Matt, whose film was based primarily on the biography by Robert Kanigel, found that it was never a question to comprise the integrity of the story to make a more commercial script that could get him more funding.

"I'd been asked if I could make Ramanujan fall in love with a white nurse to get financing, and I was like 'no I can't do that.' There were basic things that I wasn't willing to compromise on, period. It was too important. But part of it is creative license and you have to combine things, you shorten. But I try and stay true to the overall thing. I try to stay true to the essence of who that person is. I mean I don't have the words Ramanujan spoke during that period. Everybody approaches the story in a different way. This is just how I decided to approach it."

Having creative license is a tricky thing. It's a lot of power and pressure. The director has to decide how much of the story is revealed and when, in order for the audience to be completely immersed in the film. Sean's approach is more direct.

"When I studied documentary there was a term that was applied to the observational technique which is, 'fly on the wall'. You go and observe and you don't interfere. There is an Americanisation of the' fly on the wall' called 'fly in the soup'. This is where the filmmaker gets right in the mix, takes the audience with them and makes no pretense that I'm here and you're coming with me. So by me going and being the camera, I can then voice what I see around the camera and be free to open up the story."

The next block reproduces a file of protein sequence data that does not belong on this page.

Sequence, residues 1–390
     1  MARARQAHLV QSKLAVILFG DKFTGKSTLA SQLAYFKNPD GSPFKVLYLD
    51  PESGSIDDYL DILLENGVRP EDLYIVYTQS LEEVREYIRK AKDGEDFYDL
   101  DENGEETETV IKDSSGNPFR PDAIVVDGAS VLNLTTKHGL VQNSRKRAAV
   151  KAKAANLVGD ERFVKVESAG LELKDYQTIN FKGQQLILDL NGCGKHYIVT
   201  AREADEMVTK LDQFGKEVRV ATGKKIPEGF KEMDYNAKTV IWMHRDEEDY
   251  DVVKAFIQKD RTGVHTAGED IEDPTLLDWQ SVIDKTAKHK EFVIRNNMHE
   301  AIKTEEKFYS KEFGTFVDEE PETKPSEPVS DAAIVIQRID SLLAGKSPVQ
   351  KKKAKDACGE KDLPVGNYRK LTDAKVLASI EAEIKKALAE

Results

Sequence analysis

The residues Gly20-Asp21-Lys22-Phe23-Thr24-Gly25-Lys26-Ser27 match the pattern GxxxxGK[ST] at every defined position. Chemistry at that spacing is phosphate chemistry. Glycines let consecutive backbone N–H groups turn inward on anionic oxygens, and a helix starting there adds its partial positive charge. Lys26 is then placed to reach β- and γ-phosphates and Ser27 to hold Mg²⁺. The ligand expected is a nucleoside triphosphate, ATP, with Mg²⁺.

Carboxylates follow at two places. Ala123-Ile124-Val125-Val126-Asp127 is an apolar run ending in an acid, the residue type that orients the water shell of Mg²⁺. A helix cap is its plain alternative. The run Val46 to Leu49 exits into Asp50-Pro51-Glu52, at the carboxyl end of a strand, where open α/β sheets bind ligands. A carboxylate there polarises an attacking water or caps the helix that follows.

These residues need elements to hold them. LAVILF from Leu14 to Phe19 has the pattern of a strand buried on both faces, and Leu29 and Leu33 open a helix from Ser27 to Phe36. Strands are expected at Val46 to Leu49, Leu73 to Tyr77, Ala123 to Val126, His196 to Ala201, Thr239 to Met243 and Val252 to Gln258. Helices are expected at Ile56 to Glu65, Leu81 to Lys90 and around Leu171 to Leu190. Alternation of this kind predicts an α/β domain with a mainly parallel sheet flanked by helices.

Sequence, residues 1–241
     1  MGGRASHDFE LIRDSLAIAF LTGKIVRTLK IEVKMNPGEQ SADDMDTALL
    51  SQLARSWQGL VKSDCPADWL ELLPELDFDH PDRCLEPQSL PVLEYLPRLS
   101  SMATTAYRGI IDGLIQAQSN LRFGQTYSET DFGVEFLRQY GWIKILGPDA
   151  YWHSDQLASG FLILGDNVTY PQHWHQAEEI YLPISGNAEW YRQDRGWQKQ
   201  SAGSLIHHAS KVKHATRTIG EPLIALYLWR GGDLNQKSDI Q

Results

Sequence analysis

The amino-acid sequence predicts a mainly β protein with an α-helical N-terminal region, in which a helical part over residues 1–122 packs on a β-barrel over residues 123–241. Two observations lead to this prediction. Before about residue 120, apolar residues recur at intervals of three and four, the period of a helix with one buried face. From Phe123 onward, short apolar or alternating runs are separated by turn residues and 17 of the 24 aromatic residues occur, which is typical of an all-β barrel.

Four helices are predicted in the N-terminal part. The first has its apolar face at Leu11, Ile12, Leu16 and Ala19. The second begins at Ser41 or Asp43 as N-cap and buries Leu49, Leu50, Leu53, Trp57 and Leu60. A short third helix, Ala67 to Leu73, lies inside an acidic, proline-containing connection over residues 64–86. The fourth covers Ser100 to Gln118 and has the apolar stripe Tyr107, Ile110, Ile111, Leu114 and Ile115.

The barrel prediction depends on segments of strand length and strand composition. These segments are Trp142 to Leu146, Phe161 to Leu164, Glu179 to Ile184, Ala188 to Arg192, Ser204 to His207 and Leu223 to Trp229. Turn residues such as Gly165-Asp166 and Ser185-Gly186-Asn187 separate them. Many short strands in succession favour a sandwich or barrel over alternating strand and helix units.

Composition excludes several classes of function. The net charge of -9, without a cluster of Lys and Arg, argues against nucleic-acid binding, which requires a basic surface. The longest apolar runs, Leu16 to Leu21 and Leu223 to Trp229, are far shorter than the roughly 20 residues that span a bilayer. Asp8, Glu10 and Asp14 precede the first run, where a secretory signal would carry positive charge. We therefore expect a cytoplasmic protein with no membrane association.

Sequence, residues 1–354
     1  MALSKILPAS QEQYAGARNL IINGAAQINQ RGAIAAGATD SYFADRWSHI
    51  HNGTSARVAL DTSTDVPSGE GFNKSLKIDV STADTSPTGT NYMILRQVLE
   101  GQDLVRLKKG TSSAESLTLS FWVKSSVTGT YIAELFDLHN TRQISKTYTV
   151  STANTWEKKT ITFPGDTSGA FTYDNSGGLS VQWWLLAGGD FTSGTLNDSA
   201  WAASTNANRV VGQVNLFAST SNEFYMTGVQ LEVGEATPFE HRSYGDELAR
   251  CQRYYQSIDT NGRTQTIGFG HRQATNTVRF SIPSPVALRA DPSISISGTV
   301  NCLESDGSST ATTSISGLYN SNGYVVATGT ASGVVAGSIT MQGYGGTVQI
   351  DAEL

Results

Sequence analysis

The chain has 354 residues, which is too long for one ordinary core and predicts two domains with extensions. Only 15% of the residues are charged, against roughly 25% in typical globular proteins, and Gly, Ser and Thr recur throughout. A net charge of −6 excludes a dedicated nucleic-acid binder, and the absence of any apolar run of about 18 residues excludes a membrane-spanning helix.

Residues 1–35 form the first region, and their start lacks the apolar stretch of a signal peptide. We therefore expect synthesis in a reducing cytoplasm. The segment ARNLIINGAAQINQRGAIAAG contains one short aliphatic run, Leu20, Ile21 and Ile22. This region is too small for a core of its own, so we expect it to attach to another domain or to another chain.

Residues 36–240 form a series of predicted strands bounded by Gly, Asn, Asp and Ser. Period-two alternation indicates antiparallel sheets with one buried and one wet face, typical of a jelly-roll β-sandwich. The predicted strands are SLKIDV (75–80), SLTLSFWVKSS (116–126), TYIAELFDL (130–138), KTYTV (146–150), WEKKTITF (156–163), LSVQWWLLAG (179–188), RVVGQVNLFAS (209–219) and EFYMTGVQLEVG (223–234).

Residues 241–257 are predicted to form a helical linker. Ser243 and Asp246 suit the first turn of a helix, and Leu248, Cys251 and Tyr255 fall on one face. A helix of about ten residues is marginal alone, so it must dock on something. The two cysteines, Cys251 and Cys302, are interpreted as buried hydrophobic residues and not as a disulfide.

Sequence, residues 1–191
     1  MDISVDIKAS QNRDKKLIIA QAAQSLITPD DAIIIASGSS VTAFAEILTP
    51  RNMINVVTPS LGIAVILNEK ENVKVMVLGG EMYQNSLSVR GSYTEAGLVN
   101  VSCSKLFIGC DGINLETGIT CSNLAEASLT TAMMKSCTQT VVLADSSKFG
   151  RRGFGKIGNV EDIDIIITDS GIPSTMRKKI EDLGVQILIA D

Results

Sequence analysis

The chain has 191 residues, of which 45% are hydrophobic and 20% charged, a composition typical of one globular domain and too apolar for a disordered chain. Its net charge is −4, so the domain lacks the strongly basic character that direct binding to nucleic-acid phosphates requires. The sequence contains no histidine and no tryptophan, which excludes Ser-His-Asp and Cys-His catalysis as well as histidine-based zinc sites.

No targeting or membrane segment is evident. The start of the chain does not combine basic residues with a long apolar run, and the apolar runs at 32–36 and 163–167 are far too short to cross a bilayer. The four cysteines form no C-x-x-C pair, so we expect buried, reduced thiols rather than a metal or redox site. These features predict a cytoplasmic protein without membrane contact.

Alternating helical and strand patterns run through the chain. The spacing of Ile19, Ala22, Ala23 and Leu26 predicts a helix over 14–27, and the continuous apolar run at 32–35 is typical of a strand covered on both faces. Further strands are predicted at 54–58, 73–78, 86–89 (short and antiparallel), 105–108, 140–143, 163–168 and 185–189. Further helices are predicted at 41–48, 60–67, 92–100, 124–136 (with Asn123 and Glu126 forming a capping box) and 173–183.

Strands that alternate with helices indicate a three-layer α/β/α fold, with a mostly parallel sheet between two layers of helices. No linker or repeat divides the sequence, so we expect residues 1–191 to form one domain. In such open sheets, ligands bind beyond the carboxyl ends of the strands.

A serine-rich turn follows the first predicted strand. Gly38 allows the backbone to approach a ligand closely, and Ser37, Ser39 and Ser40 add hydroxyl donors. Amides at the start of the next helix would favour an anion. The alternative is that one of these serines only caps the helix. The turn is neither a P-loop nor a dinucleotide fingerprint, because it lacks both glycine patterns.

It's hard not to get involved if you're dealing with actors or real people living their lives. Trying to find a balance between stepping back and taking control is key.

"I'm sure that every director has their own style with actors," Matt says, "I believe the actor directs the camera. Sometimes the camera directs the actor. You know it's really important for them to have the trust that they are going to bring something original and authentic and real. If I'm getting in the way of that then I'm screwing the film and myself. I tend to give notes that are hopefully helpful but they are short and concise and I try to stay out of the way of great things happening."

Surprisingly Sean's approach of letting things unfold naturally is similar. Except in his case building a relationship and finding himself in the film he's shooting helps to tell the story.